The delineation Ben Nevis L-55 well, located in the Hebron-Ben Nevis field, offshore Newfoundland, targeted the Cretaceous Ben Nevis Formation in the petroleum-rich Jeanne d'Arc Basin. This case study focuses on the bioturbated net-pay horizons and assesses the importance of animal-sediment interactions in controlling the porosity and permeability of sandstone reservoir intervals. Our data reveal that bioturbation can either reduce permeability and porosity by as much as approximately 33% or enhance it by up to 600%, dependent on burrow type and behavior of the trace-making organism.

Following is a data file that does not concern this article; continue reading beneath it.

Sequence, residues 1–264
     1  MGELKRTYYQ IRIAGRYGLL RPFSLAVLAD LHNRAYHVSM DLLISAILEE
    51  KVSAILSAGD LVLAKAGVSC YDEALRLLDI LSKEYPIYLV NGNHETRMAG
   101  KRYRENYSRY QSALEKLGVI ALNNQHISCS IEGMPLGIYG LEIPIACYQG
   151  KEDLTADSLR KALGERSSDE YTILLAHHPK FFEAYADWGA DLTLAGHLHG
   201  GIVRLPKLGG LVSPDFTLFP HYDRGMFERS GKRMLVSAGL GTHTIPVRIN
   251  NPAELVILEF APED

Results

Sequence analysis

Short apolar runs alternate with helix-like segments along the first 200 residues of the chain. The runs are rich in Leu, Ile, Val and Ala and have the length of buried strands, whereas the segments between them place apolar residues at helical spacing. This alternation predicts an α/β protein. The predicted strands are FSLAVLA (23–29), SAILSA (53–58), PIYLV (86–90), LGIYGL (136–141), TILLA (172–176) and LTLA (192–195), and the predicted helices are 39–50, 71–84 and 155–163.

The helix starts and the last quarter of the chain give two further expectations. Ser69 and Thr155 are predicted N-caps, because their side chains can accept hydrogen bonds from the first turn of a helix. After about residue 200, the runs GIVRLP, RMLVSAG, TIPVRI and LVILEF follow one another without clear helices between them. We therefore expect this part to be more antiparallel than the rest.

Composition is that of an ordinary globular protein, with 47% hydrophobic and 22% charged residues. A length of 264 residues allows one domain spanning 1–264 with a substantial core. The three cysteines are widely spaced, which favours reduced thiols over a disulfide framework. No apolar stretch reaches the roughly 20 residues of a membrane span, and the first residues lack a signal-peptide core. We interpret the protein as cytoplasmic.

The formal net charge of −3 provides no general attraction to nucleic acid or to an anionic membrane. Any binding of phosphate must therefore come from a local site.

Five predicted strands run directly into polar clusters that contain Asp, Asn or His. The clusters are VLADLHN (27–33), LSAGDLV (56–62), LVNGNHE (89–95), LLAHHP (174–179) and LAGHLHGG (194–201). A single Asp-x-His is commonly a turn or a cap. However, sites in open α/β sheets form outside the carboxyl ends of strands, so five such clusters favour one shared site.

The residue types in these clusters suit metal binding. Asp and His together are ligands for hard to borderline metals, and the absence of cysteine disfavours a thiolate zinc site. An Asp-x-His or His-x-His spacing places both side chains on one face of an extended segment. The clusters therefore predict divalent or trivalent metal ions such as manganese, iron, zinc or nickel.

The net-pay interval in the cored interval of Ben Nevis L-55 is characterized by Ophiomorpha-dominated ichnofabrics. The action of bioturbators can be classified in terms of sediment mixing, sediment cleaning, sediment packing, and pipe-work-building strategies. Bioturbation has the potential to (1) increase isotropy or uniformity of grain size by destroying sedimentary laminae through burrow homogenization, or (2) decrease isotropy by selectively sorting grains into burrow lining and fill by grain size, and through creation of open-burrow systems filled with later sediments of differing character to the host sediment. The petrophysical characteristics of the reservoir facies are highly dependent on trace fossil morphology, presence or absence of burrow linings, nature of burrow fills, burrow size, and bioturbation intensity. Mudstone-rich facies and ichnofabrics containing mudstone-filled and/or lined burrows (e.g., Ophiomorpha and clusters of Chondrites) have the net effect of permeability reduction. In contrast, permeability enhancement is documented from muddy sandstone facies with clean sand-filled burrows (e.g., Thalassinoides) and clean sandstones with burrow-mottled or diffuse to massive textures.